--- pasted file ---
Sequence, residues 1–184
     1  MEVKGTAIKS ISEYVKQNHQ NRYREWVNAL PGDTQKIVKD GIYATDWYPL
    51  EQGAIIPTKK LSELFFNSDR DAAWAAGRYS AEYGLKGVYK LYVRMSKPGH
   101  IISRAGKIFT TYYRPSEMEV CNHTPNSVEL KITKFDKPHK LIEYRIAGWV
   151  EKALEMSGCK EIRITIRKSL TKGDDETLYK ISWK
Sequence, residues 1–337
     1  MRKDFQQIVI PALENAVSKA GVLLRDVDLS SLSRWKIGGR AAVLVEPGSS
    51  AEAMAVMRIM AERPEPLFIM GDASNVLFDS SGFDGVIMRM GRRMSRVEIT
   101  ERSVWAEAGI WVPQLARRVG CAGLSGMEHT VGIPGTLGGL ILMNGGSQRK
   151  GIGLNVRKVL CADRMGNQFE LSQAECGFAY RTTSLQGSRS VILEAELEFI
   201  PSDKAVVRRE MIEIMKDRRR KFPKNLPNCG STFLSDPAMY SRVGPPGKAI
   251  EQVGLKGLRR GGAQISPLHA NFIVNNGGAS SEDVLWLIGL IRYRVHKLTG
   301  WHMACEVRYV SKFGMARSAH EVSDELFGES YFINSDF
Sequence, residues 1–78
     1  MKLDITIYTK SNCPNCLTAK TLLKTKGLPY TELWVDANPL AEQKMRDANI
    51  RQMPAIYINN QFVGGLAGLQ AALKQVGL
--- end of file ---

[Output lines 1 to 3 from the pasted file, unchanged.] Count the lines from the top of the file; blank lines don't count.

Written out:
Sequence, residues 1–184
     1  MEVKGTAIKS ISEYVKQNHQ NRYREWVNAL PGDTQKIVKD GIYATDWYPL
    51  EQGAIIPTKK LSELFFNSDR DAAWAAGRYS AEYGLKGVYK LYVRMSKPGH